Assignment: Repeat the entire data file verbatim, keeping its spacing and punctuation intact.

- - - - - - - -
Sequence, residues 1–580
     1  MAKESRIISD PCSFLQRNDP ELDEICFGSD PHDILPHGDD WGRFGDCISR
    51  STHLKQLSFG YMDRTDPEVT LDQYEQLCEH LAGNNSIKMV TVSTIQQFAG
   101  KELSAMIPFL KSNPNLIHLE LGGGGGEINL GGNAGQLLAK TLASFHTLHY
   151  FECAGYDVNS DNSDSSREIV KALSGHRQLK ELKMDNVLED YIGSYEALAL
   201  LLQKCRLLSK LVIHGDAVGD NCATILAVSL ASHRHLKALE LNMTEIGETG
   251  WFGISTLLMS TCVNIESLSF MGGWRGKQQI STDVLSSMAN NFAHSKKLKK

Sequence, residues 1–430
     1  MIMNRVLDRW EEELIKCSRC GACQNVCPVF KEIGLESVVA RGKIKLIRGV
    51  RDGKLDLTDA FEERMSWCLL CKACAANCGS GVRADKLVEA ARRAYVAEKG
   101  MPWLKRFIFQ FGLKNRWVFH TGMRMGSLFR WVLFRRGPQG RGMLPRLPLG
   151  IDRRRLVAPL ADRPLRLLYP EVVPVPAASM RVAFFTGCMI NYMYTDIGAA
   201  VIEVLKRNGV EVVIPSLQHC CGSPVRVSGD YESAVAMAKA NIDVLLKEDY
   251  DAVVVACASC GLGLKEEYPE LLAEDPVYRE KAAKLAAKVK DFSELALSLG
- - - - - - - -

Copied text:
Sequence, residues 1–580
     1  MAKESRIISD PCSFLQRNDP ELDEICFGSD PHDILPHGDD WGRFGDCISR
    51  STHLKQLSFG YMDRTDPEVT LDQYEQLCEH LAGNNSIKMV TVSTIQQFAG
   101  KELSAMIPFL KSNPNLIHLE LGGGGGEINL GGNAGQLLAK TLASFHTLHY
   151  FECAGYDVNS DNSDSSREIV KALSGHRQLK ELKMDNVLED YIGSYEALAL
   201  LLQKCRLLSK LVIHGDAVGD NCATILAVSL ASHRHLKALE LNMTEIGETG
   251  WFGISTLLMS TCVNIESLSF MGGWRGKQQI STDVLSSMAN NFAHSKKLKK

Sequence, residues 1–430
     1  MIMNRVLDRW EEELIKCSRC GACQNVCPVF KEIGLESVVA RGKIKLIRGV
    51  RDGKLDLTDA FEERMSWCLL CKACAANCGS GVRADKLVEA ARRAYVAEKG
   101  MPWLKRFIFQ FGLKNRWVFH TGMRMGSLFR WVLFRRGPQG RGMLPRLPLG
   151  IDRRRLVAPL ADRPLRLLYP EVVPVPAASM RVAFFTGCMI NYMYTDIGAA
   201  VIEVLKRNGV EVVIPSLQHC CGSPVRVSGD YESAVAMAKA NIDVLLKEDY
   251  DAVVVACASC GLGLKEEYPE LLAEDPVYRE KAAKLAAKVK DFSELALSLG